Practicing ArchitecturePracticing Architecture
The focus is still on big problems and practice niches.
by Zach Mortice
While the broader economy has been marching towards a modest recovery in recent months, the design and construction industry hasn’t been so lucky. Emerging professionals (EPs) have been especially vulnerable, as they often have the least amount of expertise and seniority.
The 2009/2010 AIA/NCARB Internship & Career Survey shows that the number of unemployed EPs has risen from 3% in 2007 to 17% in 2010. The number of aspiring architects having to work outside of traditional practice has remained static since 2005, at approximately 10%. Recent graduates in today’s economic climate are no different and are sampling a wide diversity of alternative careers.
A step towards “total design”
An EP finally adjusting to life at a firm after graduating from the University of Tennessee at Knoxville in 2007, Margaux Verdera was laid off from her job at Cockrill Design and Planning in September.
By December, she and her boyfriend (who was also unemployed) were getting antsy. “We’ve got to do something,” she said at the time. “I don’t want to work at the local grocery store.”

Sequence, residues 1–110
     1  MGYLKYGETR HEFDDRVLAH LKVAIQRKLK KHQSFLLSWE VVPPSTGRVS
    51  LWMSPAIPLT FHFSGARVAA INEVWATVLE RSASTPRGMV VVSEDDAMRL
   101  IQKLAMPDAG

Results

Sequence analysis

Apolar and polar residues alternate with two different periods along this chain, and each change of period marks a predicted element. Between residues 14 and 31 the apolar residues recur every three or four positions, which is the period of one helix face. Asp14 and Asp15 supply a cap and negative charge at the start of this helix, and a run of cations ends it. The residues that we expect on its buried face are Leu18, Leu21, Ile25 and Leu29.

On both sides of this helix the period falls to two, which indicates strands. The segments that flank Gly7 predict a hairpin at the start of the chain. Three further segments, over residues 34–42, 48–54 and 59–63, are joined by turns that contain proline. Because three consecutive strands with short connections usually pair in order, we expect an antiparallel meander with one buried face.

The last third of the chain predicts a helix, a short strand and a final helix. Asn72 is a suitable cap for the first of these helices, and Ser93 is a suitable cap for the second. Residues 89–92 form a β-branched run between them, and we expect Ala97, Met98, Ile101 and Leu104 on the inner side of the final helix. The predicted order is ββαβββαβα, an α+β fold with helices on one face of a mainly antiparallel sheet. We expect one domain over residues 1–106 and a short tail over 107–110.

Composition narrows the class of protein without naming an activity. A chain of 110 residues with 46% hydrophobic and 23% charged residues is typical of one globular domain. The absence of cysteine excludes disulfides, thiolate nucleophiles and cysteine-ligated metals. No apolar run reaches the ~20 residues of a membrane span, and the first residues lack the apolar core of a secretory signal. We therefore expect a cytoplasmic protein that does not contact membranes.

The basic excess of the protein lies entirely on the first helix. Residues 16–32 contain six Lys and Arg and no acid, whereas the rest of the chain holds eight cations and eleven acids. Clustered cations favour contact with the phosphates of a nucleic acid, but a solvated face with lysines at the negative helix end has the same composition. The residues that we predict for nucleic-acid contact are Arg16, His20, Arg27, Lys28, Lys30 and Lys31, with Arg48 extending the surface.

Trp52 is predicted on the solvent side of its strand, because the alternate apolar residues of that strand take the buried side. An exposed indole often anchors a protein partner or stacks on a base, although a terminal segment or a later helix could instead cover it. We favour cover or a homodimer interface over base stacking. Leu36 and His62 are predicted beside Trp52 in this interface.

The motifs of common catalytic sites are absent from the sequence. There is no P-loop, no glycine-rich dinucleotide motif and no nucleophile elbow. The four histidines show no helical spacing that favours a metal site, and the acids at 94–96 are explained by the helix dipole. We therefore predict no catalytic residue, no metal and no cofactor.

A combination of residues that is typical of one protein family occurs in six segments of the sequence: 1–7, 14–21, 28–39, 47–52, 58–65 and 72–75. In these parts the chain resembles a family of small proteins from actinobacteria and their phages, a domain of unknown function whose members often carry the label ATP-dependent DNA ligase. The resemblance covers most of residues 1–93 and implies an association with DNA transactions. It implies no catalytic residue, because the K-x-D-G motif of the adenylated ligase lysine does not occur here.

Verdera had been interested in graphic design throughout school, and got a minor in illustration. During the interminable Craigslist searches for work of any kind that are the somber daily ritual of the unemployed in the Internet age, Verdera’s attention was piqued by the considerable need for graphic design work she noticed. She began by designing logos for grocery money. With the help of her computer expert boyfriend, M+J (Margaux and John) Design Bureau stared expanding to designing Web sites, interiors, marketing materials, signage, and more.
Verdera dreams of one day running a “total design” firm that could design a restaurant’s interiors, furniture, silverware, and menus, as well as the building they go into, and her current graphic design endeavor gives her an opportunity to expand her skill set in this direction.